KOSTYANTYNIVKA, Ukraine: Ukraine vowed on Sunday to broaden its “anti-terrorist” operation against pro-Russian rebels, as the crisis-hit country marked its second day of mourning after violence that left more than 50 dead.
National Security and Defense Council chief Andriy Parubiy said the armed forces would expand the “active stage of the operation in other towns where extremists and terrorists are carrying out illegal activities.”
Agence France-Presse reporters near the eastern town of Kostyantynivka, where rebels seized the town hall on April 28, saw a pro-Russian checkpoint abandoned and smouldering, and barricades being hastily erected in the center.
Rebels defending the town hall behind makeshift barriers told AFP there had been fighting overnight near the town’s television tower.
On Saturday, fierce gun battles erupted around the flashpoint town of Slavyansk, as the authorities stormed rebel-held checkpoints in a bid to tighten the noose around what has become the epicenter of pro-Russian fervor.
Central Slayvansk appeared relatively calm on Sunday morning but citizens reported increasing difficulty obtaining basic foodstuffs in the besieged town of 160,000 people.
Meanwhile, seven European inspectors from the Organization for Security and Cooperation in Europe arrived home late on Saturday after an eight-day ordeal in captivity, a small chink of light in the worst East-West crisis since the Cold War.
Interim president Oleksandr Turchynov declared two days of mourning on Saturday after brutal violence in Odessa claimed 42 lives and at least 10 died in military operations around Slavyansk.
The scenic Black Sea port of Odessa was bracing for fresh violence as supporters of the Western-backed government in Kiev planned a fresh march amid fears it could be disrupted by pro-Russian militants.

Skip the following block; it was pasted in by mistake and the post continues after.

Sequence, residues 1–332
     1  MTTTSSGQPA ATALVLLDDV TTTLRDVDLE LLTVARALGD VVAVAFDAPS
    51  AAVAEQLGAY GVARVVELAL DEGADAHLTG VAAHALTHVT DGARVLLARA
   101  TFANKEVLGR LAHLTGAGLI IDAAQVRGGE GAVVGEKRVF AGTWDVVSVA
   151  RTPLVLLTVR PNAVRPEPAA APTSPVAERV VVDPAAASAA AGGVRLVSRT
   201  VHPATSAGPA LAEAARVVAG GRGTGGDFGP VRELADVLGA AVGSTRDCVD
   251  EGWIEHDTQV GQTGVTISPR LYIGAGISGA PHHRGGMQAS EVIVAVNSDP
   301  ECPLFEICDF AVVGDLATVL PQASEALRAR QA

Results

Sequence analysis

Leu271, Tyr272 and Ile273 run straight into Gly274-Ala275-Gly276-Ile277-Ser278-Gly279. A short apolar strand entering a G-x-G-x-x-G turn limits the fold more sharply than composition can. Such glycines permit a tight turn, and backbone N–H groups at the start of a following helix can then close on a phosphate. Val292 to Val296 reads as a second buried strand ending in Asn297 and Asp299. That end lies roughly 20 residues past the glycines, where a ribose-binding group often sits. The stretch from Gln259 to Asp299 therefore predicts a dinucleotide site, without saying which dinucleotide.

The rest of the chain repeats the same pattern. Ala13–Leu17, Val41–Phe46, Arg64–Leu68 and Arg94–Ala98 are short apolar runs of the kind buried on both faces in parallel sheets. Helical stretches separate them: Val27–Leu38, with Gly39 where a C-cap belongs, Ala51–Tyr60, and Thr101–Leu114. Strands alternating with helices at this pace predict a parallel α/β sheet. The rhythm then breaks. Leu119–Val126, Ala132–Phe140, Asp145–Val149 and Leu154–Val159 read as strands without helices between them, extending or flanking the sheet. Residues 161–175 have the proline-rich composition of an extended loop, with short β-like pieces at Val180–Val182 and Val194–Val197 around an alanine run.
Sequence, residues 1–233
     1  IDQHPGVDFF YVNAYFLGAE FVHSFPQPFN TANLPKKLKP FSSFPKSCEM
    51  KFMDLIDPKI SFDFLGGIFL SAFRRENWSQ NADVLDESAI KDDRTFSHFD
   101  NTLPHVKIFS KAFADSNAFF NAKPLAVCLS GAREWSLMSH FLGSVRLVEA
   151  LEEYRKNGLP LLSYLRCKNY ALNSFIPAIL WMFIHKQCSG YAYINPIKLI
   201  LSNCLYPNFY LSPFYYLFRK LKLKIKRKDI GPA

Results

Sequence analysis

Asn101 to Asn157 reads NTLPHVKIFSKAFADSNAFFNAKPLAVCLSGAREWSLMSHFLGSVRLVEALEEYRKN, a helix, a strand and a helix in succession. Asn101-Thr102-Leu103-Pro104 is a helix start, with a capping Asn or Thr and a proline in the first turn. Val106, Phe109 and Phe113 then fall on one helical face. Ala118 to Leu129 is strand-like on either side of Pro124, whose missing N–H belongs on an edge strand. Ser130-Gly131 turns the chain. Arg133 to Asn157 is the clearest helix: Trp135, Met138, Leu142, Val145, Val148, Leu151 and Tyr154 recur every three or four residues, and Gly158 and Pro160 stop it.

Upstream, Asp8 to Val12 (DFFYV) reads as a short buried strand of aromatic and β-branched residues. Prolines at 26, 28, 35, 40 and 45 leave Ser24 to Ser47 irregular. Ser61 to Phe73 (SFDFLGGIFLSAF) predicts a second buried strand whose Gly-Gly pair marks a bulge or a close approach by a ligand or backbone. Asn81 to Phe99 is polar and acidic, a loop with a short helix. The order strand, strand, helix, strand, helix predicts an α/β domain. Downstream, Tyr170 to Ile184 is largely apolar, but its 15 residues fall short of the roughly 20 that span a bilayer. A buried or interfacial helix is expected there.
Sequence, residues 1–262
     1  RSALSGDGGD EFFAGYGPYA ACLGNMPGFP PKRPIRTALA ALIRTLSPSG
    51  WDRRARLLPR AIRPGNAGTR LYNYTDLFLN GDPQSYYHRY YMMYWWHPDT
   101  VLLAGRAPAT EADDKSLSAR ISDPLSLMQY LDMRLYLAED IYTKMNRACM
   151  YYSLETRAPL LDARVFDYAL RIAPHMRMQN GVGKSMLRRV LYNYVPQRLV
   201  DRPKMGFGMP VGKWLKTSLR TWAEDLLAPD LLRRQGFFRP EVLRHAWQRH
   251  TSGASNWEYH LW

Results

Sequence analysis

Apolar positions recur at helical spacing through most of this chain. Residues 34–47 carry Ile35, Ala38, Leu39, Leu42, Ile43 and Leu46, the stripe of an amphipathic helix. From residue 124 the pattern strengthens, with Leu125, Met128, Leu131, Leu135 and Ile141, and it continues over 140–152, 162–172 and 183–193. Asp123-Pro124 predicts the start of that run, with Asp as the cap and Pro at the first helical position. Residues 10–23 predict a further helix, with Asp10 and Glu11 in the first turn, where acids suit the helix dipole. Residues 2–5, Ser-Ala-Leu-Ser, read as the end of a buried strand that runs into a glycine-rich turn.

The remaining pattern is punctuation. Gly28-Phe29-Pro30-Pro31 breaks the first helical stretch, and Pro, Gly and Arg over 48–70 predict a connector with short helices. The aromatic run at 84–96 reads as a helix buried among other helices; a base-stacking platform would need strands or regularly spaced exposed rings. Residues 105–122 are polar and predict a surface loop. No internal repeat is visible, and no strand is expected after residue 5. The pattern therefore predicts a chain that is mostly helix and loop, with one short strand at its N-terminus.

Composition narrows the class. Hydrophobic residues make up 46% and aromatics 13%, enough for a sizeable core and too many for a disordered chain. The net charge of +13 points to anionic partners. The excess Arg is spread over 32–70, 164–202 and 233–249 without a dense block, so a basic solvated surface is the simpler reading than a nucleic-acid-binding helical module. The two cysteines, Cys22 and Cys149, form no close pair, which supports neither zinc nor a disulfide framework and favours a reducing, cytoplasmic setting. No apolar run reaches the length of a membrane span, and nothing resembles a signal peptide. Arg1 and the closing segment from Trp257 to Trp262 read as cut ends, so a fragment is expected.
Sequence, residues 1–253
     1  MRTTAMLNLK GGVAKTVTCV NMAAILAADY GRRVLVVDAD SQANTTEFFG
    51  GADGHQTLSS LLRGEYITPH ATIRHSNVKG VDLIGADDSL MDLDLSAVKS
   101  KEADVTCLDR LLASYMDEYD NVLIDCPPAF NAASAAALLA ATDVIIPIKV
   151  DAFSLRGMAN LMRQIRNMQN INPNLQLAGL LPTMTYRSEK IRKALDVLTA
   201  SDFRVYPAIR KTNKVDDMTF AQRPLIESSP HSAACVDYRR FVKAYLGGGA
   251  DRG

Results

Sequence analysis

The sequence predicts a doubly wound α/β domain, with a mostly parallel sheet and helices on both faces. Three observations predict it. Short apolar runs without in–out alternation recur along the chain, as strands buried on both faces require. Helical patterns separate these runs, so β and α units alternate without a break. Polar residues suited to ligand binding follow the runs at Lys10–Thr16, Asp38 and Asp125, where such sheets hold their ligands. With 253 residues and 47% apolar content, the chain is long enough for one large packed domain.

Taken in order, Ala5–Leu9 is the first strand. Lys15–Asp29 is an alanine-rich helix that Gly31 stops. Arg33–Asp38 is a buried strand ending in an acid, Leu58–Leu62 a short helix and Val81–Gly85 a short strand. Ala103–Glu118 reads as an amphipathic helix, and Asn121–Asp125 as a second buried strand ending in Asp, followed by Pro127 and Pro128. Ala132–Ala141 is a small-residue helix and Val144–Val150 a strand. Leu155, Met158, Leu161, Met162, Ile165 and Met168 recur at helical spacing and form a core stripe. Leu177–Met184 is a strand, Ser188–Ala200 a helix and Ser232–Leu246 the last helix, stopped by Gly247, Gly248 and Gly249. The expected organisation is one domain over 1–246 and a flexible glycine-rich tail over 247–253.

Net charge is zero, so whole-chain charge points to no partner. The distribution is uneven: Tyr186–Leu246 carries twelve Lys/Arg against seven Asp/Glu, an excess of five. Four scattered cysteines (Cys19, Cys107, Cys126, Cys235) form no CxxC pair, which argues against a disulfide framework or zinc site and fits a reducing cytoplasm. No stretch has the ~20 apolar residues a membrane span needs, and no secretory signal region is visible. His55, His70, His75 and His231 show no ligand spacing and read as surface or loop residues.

The city was still reeling from horrific violence on Friday, when deadly clashes between the two sides culminated in a building fire that left 38 dead, most overcome by fumes, others from jumping from windows in a desperate bid for survival.
Four others died from gunshot wounds as the violence that has gripped the eastern part of Ukraine spread to the south, which had until then had been spared.
Late on Saturday, two Ukrainian soldiers sustained wounds after pro-Russians attacked a local recruitment office in the eastern city of Lugansk, according to local officials.
Local media reported four were wounded in sporadic fighting overnight in the port of Mariupol, where pro-Russian militants remain holed up in the town hall.
Meanwhile in Crimea, annexed by Russia in March, there were clashes between police and 2,000 pro-Kiev Tatars demonstrating against Russia’s refusal to allow their leader Mustafa Dzhemilev into the peninsula.